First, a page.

Dec 29, 2003 5:50 pm


I haven't even checked with all of us, but at least two of Cliopatria's group members are down with holiday illnesses. The seasonal bugs come on top of the emotional shifts expected of us at Hannukah, Christmas, Kwanza, and New Years. The spirits of those holidays are so different and we may even dread them because they don't measure our own ups and downs. Meanwhile, the world goes on and I take note of a couple of things:

Ombudsgod makes an important point: the ombudsman at the Palm Beach Post failed to catch the fact that we don't know enough about Strom Thurmond's affair with his family's African American maid to accuse him of rape. Essie Mae Washington-Williams does not believe herself to be the child of a rapist. Of course, there was a disproportionate power dynamic between her father and her mother, but you cannot make the leap from that abstraction to certain knowledge of the circumstances of her conception. Thanks to Eugene Volokh for the tip.

My friend, Eugene McCarraher at Villanova, has a fine essay on Christianity's challenge to Marxism at In These Times. While I'm thinking about McCarraher, do yourself a favor and read his book, Christian Critics: Religion and the Impasse in Modern American Social Thought. In a world so badly fragmented as ours, we need to remember those who dreamed the possibility of community. Thanks to Mildly Malevolent for the tip.

Speaking of books, let's take advantage of Cliopatria's convenient new comments function. Tell us about the best book you've read in recent days. I know what my choice is: Edward P. Jones's The Known World: A Novel. It's a story of the world of a black slave-owner in ante-bellum Virginia. My own research on a bi-racial family in that area tells me that Jones gets the tone of things just about right and his fiction illuminates that world for us in vital ways that my bondage to empirical evidence and surviving documents simply can't do. It is an amazing achievement, fully worthy of a National Book Award. So, what's the best book that you've read lately?

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Jonathan Dresner - 12/31/2003

Though I also got the Da Vinci Code (and enjoyed it quite a bit), I think the one I will go back to is Ben Schott's Original Miscellany, a gloriously random collection of facts and trivia. Cricket positions, cloud formations, the order of service for Diana's funeral, the US states and their official bird and the number of Miss America's each has produced, the Bond movies (with villains and Bond girls), metric-imperial conversions.....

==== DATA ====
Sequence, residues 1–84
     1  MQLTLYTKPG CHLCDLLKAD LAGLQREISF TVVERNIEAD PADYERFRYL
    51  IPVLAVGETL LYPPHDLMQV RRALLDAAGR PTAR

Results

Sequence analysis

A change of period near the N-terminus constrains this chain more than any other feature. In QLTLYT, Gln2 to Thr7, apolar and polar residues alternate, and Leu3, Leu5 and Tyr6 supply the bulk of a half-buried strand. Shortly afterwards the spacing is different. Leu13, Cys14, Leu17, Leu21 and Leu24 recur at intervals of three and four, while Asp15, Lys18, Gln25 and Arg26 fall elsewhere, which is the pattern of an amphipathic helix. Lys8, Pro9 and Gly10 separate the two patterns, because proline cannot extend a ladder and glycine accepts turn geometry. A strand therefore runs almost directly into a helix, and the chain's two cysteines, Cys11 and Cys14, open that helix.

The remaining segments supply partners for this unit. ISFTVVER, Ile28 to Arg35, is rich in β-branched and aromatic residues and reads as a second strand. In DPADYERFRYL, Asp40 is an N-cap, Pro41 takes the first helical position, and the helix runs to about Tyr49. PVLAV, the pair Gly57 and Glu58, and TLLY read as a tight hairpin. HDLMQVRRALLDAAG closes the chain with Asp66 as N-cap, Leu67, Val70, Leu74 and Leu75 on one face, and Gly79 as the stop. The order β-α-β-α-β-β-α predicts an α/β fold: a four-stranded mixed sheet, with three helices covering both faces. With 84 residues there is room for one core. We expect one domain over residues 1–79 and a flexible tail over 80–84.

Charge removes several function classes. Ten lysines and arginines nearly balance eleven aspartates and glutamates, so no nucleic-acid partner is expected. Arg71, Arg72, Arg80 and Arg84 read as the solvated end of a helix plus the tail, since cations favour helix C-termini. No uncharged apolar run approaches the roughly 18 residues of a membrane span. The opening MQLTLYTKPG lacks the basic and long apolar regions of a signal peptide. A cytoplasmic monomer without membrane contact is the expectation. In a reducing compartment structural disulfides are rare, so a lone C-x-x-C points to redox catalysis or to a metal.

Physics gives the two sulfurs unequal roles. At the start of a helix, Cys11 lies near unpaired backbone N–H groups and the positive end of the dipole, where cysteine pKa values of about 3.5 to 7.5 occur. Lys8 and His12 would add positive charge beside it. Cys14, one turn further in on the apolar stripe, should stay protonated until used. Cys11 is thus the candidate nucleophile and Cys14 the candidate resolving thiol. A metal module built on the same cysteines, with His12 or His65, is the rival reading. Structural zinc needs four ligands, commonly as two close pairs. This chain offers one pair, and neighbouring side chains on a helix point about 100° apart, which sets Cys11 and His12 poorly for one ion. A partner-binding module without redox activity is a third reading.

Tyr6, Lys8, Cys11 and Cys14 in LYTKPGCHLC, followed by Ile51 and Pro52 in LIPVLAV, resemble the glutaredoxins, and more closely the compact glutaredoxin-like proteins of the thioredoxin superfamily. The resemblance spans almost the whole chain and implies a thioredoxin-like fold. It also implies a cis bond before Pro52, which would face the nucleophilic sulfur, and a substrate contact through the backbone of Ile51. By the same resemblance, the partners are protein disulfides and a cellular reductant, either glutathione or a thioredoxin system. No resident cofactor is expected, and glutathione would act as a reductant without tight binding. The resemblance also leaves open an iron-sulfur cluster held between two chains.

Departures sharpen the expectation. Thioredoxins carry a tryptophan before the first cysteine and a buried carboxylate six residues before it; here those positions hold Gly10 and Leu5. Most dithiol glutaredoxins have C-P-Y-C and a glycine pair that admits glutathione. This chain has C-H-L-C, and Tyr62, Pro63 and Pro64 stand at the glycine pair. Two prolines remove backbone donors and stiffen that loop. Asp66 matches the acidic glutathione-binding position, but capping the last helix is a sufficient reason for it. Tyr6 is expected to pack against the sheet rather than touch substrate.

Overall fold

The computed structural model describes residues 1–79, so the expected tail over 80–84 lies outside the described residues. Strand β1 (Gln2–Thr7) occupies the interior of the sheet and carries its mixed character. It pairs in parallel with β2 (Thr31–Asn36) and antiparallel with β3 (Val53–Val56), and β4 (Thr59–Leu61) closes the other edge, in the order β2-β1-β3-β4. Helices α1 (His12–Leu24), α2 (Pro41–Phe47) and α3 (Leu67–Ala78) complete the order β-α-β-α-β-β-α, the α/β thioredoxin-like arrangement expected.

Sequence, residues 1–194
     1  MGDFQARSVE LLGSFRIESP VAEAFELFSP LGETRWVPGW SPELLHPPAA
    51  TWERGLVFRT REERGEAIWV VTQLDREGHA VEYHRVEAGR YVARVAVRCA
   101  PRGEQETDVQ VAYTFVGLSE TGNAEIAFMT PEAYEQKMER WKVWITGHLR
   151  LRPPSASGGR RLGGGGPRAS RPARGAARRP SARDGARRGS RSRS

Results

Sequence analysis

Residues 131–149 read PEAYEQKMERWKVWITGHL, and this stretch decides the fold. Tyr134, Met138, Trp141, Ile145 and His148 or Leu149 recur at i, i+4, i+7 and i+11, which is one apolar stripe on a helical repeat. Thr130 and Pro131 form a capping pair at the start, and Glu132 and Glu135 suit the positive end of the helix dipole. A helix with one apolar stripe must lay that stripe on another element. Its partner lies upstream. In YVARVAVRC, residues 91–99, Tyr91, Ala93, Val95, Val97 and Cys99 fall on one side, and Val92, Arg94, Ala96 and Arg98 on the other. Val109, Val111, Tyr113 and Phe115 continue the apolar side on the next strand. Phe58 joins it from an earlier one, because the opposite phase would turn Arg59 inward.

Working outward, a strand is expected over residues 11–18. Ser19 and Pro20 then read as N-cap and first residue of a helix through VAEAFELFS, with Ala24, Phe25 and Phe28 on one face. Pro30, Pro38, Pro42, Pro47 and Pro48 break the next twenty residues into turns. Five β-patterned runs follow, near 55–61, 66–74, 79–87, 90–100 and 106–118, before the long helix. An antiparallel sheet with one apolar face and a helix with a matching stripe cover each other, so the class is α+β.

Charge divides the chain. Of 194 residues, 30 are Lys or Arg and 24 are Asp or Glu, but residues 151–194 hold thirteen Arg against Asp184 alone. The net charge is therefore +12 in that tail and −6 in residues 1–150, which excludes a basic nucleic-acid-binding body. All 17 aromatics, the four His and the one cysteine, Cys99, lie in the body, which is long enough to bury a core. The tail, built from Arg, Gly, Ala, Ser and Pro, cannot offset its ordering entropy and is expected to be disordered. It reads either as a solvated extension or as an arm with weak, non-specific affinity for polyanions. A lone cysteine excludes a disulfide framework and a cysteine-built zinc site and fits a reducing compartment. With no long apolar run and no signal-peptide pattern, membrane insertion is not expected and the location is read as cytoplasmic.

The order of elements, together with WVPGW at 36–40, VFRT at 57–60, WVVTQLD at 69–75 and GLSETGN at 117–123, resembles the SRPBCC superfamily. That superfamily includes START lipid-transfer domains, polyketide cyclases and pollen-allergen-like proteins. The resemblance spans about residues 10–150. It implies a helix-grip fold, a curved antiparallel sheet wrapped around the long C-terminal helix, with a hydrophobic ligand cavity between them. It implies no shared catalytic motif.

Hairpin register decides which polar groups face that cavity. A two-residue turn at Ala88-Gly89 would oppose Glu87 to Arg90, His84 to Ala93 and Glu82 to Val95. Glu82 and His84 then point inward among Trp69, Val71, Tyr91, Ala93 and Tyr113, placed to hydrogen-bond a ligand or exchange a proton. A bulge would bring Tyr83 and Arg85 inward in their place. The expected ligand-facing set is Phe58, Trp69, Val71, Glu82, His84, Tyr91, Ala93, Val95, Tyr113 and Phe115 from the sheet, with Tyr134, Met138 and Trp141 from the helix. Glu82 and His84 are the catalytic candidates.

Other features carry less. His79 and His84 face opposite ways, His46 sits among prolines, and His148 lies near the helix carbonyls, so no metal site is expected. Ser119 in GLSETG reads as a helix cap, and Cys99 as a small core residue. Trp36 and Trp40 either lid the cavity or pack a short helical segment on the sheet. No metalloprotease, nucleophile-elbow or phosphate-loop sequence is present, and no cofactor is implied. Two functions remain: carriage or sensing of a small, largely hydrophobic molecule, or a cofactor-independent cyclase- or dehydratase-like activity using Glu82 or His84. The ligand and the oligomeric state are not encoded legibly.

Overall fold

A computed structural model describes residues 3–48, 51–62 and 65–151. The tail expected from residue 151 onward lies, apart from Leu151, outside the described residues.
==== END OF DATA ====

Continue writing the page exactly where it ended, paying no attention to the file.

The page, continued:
But my favorite bit is the citation to the actual Riot Act (1713, I think it was). It required that groups designated "rioters" be read a text giving them notice and an hour to disperse, else their gathering would become felonious and subject to harsh penalties. The text had to be read in full (apparently omitting the final "God Save the King" kept some poor fellows out of jail and off the gallows). So when we talk about being "read the riot act" there actually was a Riot Act, which had to be read in full and which was a text with serious consequences to be heeded carefully.

Ralph E. Luker - 12/30/2003

Gary, Apology accepted. Within 2 hours, however, you forgot that your opening line in this exchange, see above, was "Could you guys make _some_ effort to appear like your [sic] not completely incompetant boobs at blogging ..." I was using _your_ language in response to you and you didn't even recall what you had said. I could care less about what you say of me, but I care a great deal about what you say about the other conspirators here at Cliopatria. As for "amateurs," we are indeed and there is nothing we can do about it so long as we are on the HNN page. As for "boys," Cliopatria's female blogger withdrew from the group for understandable reasons which are her own business. We continue to look for other likely members and are an equal opportunity employer. Particularly, we are interested in enlisting group members whose historical interests aren't already represented here and members from abroad.

Gary Farber - 12/30/2003

To make sure you see this, Ralph, since you responded again at my own blog. You wrote:
Cliopatria writers do not control the form in which the blog appears. My colleagues and I do not need to be insulted. "complete boobs," "boys," "amateurs" ... you toss all those off in 15 seconds at our place _and_ yours? Your point, Gary, could have been clearly made without the personal insults.
My response:

Yes, they could have, Ralph. Except "complete boobs" is what you said, not me. "Boys" and "amateurs" doesn't seem in quite the same league, to me, as "personal insults" but perhaps your mileage varies. (Is "the boys" actually an "insult"?)

"Amateurs" goes to the sense that you're not controlling your own HTML. "Boys" goes to the fact that there are no female bloggers there (please don't run out and get one just to meet a quota because I said that). That's all.

In any case, I was merely intending to be flip, and I clearly failed. So I apologize for that. I recognize that you've done some very fine historical work, and I greatly respect that. I hope that you might otherwise find something of worth, interest, or amusement on my own site, and we can both put this behind us like adults. Deal?

Josh Greenland - 12/30/2003